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In "Nicholas II," Captivating History surveys the life of the Russia's last tsar. The content is stellar, although this book could have benefited from the inclusion of visual media.
This author argues that "Not only did the tale of Nicholas II lead to an enigmatic assassination of an entire family, but it also marked a distinct turning point for the history of Russia that affected the world" (Loc 45). Readers learn the truth in this claim through the final tsar's history from his birth on May 6, 1868 to his execution on July 17, 1918.
As expected, Captivating History demonstrates its historical diligence through scholarly research and a robust bibliography. Unlike previous releases, however, this title does not feature any visual media. Being able at least able to match names to faces would have been useful. Instead, there is nothing but text.
"Nicholas II" is a wonderful work of historical passion. Its lack of imagery hinders its effectiveness, though. In the end, history fans and casual readers alike will enjoy this volume for what it is: a terrific guide to Nicholas II presented in a concise format.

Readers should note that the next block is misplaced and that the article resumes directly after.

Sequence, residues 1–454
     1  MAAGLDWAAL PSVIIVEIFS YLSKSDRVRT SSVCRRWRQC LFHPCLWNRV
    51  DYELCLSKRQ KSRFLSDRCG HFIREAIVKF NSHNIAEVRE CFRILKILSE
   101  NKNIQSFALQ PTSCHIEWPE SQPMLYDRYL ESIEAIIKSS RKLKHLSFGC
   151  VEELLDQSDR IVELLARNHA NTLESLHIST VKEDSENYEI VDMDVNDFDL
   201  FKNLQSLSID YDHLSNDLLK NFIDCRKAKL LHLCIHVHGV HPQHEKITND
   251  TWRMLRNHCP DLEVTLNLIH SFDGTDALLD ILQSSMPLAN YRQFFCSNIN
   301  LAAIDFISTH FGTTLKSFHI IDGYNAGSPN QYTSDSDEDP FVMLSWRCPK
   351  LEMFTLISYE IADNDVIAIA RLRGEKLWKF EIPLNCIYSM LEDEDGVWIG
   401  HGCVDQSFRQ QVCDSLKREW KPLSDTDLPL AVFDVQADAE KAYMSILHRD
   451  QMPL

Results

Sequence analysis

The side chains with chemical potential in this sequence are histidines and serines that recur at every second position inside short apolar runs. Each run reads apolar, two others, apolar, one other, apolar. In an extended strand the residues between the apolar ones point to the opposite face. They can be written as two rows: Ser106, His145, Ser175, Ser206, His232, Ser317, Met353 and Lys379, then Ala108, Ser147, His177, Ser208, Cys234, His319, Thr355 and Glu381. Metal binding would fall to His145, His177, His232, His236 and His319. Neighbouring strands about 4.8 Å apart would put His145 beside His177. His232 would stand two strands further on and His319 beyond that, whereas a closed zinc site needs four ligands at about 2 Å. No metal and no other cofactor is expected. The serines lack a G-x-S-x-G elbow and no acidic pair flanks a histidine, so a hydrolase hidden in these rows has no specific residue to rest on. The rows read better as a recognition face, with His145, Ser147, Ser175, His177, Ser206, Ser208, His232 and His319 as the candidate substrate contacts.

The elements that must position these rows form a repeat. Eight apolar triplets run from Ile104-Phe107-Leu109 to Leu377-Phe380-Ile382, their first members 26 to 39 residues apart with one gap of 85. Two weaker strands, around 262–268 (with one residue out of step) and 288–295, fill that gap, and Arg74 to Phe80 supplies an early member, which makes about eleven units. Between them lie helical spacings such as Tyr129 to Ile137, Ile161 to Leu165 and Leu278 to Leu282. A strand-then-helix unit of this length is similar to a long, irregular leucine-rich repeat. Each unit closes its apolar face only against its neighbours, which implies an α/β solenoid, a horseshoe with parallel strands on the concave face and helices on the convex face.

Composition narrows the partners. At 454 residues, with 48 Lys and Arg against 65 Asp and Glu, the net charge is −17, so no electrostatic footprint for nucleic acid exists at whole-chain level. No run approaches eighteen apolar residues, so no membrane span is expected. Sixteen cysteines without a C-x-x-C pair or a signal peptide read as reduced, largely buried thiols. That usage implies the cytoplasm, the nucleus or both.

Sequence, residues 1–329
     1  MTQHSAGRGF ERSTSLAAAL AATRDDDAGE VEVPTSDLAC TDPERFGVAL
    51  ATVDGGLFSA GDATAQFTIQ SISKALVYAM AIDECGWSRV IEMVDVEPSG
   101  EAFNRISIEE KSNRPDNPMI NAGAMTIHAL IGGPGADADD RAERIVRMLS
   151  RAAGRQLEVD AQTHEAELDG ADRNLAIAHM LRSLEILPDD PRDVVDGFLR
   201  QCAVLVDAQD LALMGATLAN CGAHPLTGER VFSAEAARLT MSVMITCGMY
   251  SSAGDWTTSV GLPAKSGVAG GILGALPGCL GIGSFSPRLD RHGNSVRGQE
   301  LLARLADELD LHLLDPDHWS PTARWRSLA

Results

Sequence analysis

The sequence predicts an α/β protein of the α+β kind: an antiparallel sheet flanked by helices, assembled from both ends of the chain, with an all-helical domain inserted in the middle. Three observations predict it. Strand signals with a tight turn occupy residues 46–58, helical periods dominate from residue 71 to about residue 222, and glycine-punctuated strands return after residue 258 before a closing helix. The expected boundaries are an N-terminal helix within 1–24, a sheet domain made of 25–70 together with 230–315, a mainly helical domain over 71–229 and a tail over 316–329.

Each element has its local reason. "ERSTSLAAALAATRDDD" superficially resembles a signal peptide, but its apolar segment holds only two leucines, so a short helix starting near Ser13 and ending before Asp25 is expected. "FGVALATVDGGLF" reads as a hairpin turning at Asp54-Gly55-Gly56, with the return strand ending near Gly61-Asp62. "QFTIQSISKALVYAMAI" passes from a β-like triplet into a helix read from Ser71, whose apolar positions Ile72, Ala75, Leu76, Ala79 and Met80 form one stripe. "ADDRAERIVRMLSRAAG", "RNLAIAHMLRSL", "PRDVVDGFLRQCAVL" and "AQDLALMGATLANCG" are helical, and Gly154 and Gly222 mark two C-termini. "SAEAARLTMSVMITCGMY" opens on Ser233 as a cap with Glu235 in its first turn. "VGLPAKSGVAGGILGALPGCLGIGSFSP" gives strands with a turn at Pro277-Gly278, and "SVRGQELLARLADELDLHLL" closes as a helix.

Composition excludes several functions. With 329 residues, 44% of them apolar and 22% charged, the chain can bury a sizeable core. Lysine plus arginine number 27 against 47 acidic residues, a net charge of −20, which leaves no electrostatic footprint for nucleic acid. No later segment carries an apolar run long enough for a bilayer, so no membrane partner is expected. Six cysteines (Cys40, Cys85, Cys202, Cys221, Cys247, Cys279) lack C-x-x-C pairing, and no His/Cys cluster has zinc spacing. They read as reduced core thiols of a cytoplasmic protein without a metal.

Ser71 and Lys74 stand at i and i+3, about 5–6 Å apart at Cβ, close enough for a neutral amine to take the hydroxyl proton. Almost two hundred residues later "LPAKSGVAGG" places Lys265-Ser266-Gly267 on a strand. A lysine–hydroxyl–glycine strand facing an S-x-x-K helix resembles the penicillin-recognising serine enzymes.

Many know of Czar Nicholas II as the last of the Russian czars, he and his family killed during the Russian Revolution. But there was more to Nicholas that simply being the 'czar', as originally it was his brother who was supposed to be the ruler, not him. If you're interested in learning more about Nicholas and why he failed as a leader, this is a good place to start.
A good summary of the life of a complex, troubled man. Interesting introduction for anyone not knowing about the life of this conflicted tsar. There's limited detail of Russia's involvement in WWI - and the poor decisions. His primary fault just seems to be that he was way out of this comfort zone and capabilities - just an accident of birth.
This book was a fascinating and easy to read book about the last Tsar of the Romanov dynasty. The author showed Nicholas's humanity and how his love for his family sometimes came over the love of Russia. I enjoyed reading how he interacted with the holy man, Rasputin, and how he finally met his end.
I would have liked to have read a little bit about his relations with his cousins, King George V of the UK and Kaiser Wilhelm of Germany.
I recommend this book to anyone interested in learning about the Russian Tsar and his family.